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Musical Fidelity M1 CLiC and M1 PWR Review Print E-mail
Friday, 18 May 2012
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Musical Fidelity M1 CLiC and M1 PWR Review
Set Up and Listening

Set Up & Listening:

I decided to first set up the CLiC as a digital hub, without using it as preamplifier. I ran Stager Silver interconnects from the Fixed Output into the McIntosh MA6600 integrated amp driving Harbeth Compact 7 ES3 monitors. I hooked it up to an Ethernet cable and navigated the menu until I found Music Server. It found Twonky Media, which I have installed on my Mac Mini and, to my surprise, Logitech Media Server, which I normally use with my Squeezebox Touch. This must be because LMS is now universal UPnP software. After using both for a few days I settled on the Logitech software simply because I am used to it. I then connected my Marantz CD player via coaxial digital cable and was ready to roll.

I found the CLiC’s performance as a DAC and streamer to be superb.  I don’t know why, but I was a bit surprised just how dimensional, organic, and transparent the presentation was. I felt, over all, it bettered my Squeezebox Touch connected to the V-DAC II.  I don’t know if this is because it eliminates the need for a digital cable, its superior streaming, its superior power supply, or a combination of factors. The fact is that streamed FLACs, with resolution ranging from standard CD files to 192 kHz / 24 bit files sounded stunning. Playing CDs’ on the Marantz decoded by the CLiC also sounded fabulous.  The CLiC’s upsampling DAC left me nothing to complain about sonically.

Musical Fidelity M1 PWR

I then decided to use the CLiC as an analog preamplifier, simply switching to the variable outputs, and connecting it to the new M1 PWR power amp, rated at 60 wpc into 8 ohms, and doubling its power into 4 ohms. The M1 PWR is the same size as the CLiC, so they are a nice visual pairing. Interestingly, the PWR can also be used as a 100 wpc mono block amplifier as well.  The amp is nicely finished, with quality connectors, and Musical Fidelity’s silver logo on the front.  The M1 PWR retails for $1299. The pair was connected with Transparent MM2 Plus interconnects. Each was outfitted with Shunyata Venom 3 power cords. Everything else stayed the same

The M1 CLiC and M1 PWR combo turned out to be very symbiotic. The pair was dynamic, clean, and there was plenty of drive.  I especially liked the smooth volume control steps via the remote or the iPhone app. The M1 combo offered up what was no doubt high end sound.  They were a great match for my Harbeth speakers, flawless in operation, and exceptionally quiet.  For kicks, I decided to briefly use the M1 PWR with the Belles Soloist 3 preamplifier I reviewed recently, which is my benchmark for sub $2000 preamps.  The CLiC faired very well in comparison, which is impressive since the he Soloist 3 is a great sounding purist preamp that punches well above its weight class and, with minimalist features, retails for slightly more than half of the cost of the CLiC.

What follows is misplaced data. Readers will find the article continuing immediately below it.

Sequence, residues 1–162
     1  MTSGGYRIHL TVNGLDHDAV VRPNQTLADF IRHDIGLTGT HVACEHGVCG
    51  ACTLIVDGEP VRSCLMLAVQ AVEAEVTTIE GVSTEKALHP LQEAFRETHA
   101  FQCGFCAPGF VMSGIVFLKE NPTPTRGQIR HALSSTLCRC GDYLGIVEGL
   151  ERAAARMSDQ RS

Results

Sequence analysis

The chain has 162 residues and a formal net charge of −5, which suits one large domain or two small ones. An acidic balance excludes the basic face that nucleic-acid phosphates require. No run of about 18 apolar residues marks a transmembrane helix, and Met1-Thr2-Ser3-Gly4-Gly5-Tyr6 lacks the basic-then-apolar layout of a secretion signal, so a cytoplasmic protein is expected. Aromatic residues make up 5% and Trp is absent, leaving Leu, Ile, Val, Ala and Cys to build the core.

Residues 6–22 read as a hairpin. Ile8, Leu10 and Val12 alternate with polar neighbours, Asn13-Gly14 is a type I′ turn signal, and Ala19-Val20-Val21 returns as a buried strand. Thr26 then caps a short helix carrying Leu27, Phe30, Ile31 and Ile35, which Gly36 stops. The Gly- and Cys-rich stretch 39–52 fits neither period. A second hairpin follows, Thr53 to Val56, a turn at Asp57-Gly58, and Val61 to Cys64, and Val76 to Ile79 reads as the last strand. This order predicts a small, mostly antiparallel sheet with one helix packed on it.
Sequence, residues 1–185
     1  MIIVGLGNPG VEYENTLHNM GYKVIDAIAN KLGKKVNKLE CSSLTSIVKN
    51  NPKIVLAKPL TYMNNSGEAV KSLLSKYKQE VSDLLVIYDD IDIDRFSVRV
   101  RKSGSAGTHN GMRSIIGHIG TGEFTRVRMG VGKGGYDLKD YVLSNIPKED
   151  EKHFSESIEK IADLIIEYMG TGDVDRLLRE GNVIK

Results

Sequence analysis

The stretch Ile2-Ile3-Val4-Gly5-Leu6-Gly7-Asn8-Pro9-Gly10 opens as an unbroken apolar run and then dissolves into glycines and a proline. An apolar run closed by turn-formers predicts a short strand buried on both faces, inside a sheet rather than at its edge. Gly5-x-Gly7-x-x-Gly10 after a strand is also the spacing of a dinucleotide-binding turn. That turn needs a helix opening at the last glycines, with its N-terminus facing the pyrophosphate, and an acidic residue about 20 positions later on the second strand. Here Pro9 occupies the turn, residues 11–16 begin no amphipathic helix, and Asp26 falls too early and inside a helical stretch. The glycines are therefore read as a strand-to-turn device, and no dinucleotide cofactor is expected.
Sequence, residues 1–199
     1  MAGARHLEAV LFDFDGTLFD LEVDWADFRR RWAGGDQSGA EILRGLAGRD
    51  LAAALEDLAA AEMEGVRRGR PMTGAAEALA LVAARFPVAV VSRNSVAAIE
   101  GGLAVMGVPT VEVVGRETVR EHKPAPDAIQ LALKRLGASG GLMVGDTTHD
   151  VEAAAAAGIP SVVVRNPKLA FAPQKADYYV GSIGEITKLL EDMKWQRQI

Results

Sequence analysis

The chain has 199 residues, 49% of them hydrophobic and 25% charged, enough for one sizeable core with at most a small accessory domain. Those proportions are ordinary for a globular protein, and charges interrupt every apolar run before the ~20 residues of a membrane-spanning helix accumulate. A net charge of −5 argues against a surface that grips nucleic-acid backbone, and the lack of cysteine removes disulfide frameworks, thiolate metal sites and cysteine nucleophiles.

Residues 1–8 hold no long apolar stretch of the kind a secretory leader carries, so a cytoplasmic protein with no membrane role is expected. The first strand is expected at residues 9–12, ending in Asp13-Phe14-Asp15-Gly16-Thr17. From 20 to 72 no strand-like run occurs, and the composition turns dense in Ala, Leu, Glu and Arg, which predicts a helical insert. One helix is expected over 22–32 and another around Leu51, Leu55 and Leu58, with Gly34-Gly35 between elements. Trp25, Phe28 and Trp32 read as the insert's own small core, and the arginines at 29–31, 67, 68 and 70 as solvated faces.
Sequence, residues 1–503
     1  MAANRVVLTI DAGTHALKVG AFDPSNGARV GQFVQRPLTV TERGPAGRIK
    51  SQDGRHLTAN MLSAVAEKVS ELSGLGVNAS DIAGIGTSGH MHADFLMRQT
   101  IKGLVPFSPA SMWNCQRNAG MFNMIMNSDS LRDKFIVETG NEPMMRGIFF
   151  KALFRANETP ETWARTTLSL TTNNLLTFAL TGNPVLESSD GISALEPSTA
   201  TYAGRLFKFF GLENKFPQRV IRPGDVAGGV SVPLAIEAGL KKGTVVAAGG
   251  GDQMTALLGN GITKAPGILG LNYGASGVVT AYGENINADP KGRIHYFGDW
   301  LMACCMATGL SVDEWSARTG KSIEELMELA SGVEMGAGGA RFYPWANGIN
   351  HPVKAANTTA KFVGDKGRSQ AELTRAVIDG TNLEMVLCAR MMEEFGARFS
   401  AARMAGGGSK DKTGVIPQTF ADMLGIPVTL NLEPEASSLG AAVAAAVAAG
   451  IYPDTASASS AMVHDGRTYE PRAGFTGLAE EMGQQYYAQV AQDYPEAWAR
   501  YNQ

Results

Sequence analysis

Musical Fidelity M1 PWR rear panel

I briefly introduced the M1 CDT CD transport into the mix, which I connected via coaxial digital cable to the CLiC. The CDT is a transport only with no onboard DAC. A full review is forthcoming. It was a terrific addition to the set up. The CDT is a fine transport and is similar in dimensions to the CLiC and PWR combo. It is clear that Musical Fidelity offers complete audio solutions in the M1 series with all bases covered, including a phono preamp and headphone amp.

The best way to control the CLiC is definitely the free app for iPod, iPhone, and iPad. It works great, and allows for full control of the unit. You can see all your music files and artwork, switch inputs, control volume, and change settings. I found it very responsive and commands were immediately executed. During the last phase of the review period, on several occasions I found my wife had “hijacked” the M1 combo on her iPhone, where she downloaded the app and called up international Internet radio stations via the CLiC’s tuner. She even plugged her iPhone directly into CLiC and pulled up a bunch of albums, including Little Broken Hearts, the cool new album by Norah Jones.  I plugged my iPod Nano in the iDevice input and it worked like a charm as well.

The last part of my evaluation consisted of playing back files directly from thumb drives and Fat32 formatted hard drives. No issues there. Playback was flawless, and high quality. Just remember that the more files on a drive, the longer it will take to index.


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